We have a house where there's no vapor barrier in the ceiling, and the only place where the (original paint) is delaminating is above he stove...where there's no exhaust fan.
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Old 07-11-2013, 08:14 AM   #6
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Re: Vapor Barrier Question


Well vapor barriers have no business being in most houses & are pretty much slated to be removed from many existing climate zones in the 15 version of the building codes - the important thing is keeping the air from moving through the walls / ceiling, etc... which transports more moisture than diffusion could ever hope to in a lifetime

CO762 - major wet areas - back splashes, showers, etc... yes, the rest it is better to run the exhaust fans
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Old 07-11-2013, 05:03 PM   #7
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Re: Vapor Barrier Question


Some might even say there's no reason for a vapor barrier if one control some of the air flow...controlling not to be confused with containing.

What I find interesting is how a lot of folks say don't dump the bathrooms exhaust fan into the attic.....yet fans above stoves serve to be little more than stainless grease traps.

We are all different, but I've always viewed backspashes as a dry area unless in an institutional/commercial area, then it's stainless/FRP. But then again, I've seen more than a few showers with FRP walls......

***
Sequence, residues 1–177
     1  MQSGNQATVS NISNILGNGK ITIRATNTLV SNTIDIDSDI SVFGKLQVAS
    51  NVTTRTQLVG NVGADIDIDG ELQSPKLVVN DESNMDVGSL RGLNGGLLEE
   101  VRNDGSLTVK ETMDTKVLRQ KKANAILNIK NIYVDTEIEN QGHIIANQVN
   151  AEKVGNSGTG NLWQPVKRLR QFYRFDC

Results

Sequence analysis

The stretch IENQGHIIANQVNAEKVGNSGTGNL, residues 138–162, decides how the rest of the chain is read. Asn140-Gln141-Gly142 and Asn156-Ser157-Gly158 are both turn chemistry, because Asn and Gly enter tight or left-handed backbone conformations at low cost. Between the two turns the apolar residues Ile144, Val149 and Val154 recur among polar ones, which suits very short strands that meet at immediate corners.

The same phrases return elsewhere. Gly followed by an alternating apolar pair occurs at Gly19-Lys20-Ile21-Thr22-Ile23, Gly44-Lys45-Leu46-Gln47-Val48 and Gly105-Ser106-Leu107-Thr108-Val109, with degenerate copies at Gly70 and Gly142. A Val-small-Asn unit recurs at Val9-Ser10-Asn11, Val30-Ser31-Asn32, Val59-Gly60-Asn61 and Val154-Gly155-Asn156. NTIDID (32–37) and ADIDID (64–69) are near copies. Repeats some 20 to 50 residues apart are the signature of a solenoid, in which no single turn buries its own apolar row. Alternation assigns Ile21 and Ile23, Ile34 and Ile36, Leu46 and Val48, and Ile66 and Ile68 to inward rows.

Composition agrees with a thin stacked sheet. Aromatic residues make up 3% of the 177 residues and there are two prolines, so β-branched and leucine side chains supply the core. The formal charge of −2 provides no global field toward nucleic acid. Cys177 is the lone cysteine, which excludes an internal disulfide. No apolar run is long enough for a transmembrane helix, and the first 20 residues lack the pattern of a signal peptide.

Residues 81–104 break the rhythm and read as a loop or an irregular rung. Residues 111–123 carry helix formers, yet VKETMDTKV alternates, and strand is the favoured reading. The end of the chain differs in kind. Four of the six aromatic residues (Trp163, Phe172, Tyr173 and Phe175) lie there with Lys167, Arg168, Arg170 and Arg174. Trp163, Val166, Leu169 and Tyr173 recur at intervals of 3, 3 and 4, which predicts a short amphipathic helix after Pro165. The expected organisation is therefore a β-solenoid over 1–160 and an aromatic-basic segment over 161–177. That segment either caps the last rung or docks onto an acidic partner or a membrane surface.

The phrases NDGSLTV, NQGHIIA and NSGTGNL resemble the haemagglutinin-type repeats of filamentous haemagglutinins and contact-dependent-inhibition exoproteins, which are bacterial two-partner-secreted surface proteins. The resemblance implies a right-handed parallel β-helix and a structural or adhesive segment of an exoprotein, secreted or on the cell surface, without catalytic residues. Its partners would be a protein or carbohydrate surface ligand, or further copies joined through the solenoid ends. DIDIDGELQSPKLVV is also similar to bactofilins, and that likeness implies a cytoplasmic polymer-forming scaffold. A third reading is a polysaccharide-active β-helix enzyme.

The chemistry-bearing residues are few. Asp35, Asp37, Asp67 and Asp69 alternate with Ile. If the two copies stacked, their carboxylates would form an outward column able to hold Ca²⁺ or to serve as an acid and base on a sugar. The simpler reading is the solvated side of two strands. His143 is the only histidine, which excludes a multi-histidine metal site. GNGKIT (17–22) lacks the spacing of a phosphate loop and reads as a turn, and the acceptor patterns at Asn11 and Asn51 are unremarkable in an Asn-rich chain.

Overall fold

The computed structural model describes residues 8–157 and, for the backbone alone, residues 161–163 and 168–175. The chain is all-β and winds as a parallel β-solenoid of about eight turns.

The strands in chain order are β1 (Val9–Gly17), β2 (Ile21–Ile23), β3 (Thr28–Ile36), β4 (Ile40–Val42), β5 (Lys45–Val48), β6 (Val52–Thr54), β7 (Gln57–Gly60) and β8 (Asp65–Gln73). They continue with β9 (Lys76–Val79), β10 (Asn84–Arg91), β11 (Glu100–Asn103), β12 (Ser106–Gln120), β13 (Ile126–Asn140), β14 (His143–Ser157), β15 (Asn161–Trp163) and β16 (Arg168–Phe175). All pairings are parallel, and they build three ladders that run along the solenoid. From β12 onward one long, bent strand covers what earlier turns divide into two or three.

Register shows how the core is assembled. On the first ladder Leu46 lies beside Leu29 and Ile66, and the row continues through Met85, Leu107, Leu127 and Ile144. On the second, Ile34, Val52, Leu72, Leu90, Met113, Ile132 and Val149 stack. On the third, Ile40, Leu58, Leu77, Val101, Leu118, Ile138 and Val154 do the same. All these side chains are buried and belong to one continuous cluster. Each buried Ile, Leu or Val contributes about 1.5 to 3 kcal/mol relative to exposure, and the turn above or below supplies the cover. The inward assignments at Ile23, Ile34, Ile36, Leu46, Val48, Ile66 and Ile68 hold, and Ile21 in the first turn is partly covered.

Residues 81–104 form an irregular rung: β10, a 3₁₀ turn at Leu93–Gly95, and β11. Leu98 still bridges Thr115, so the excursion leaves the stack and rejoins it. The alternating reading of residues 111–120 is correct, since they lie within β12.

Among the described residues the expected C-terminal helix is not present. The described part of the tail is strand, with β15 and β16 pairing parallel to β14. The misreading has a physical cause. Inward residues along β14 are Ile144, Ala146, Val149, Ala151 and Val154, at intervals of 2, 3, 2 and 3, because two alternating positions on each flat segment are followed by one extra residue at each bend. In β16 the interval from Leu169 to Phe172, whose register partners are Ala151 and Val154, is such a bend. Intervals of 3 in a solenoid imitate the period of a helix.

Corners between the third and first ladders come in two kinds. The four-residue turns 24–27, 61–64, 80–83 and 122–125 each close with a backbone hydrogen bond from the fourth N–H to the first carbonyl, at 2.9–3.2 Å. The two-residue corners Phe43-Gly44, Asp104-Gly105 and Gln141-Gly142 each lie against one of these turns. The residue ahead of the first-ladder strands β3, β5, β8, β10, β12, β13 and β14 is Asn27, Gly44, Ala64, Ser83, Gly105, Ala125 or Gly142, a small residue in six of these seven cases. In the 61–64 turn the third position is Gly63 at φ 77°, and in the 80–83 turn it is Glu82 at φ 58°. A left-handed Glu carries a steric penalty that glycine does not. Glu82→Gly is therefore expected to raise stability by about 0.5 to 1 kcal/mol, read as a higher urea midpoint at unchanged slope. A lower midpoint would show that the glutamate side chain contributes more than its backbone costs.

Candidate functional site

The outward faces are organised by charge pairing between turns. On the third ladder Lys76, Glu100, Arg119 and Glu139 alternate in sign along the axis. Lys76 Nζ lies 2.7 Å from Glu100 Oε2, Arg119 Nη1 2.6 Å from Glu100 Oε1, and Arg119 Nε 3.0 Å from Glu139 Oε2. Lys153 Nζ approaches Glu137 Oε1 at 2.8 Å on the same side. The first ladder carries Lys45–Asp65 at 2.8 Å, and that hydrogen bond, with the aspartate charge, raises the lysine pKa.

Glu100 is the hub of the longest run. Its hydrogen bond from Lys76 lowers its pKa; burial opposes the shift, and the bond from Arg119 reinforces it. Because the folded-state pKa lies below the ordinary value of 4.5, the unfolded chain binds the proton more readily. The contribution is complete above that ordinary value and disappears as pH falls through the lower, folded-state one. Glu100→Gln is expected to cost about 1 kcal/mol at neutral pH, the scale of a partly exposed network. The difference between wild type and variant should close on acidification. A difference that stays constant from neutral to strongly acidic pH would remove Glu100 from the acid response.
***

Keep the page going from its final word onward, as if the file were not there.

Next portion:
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Old 07-11-2013, 09:45 PM   #8
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Re: Vapor Barrier Question


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Originally Posted by SLSTech View Post
Well vapor barriers have no business being in most houses & are pretty much slated to be removed from many existing climate zones in the 15 version of the building codes - the important thing is keeping the air from moving through the walls / ceiling, etc... which transports more moisture than diffusion could ever hope to in a lifetime
But what the heck is the difference?

Last year, we had an inspector tell us we didn't need a vapor barrier on the inside of a house because the foam board it was sheathed with served that purpose. Then he required us to use an air barrier over the fiberglass insulation in the walls. Plastic was just hunky-dory with him.

How is a vapor barrier not an air barrier? How is an air barrier not, at least to some [fairly large] extent, a vapor barrier? If air flows freely, so will water vapor. If air does not flow freely, neither will water vapor.
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Old 07-12-2013, 06:15 AM   #9
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Re: Vapor Barrier Question


Got kids CO762? It isn't a dry area in my place & not sure the issue on the kitchen exhaust though they do have filters to help slow down / prevent said buildup

Tin, good question - the answer in many respects is pretty easy, that is the wrong product for that application & it's being installed in the wrong place. Bur wait the exterior right? I mean it is installed under the cladding - true but there are a ton of gaps & spaces whether its vinyl, Hardi, Brick, etc... which will allow any water to drain out

On the inside we have drywall placed flat against the wall which is where you do want to stop the airflow, just like you do on the exterior at the sheathing. If you do get any water between the drywall & plastic, it is trapped & it cant dry out till summer time... It is much easier & better to stop unintended air leakage at the drywall (which by itself is an air barrier) & also at the exterior sheathing - for more on what an air barrier is: http://blog.sls-construction.com/2013/bs4d-air-barriers
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Old 07-12-2013, 08:42 AM   #10
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Re: Vapor Barrier Question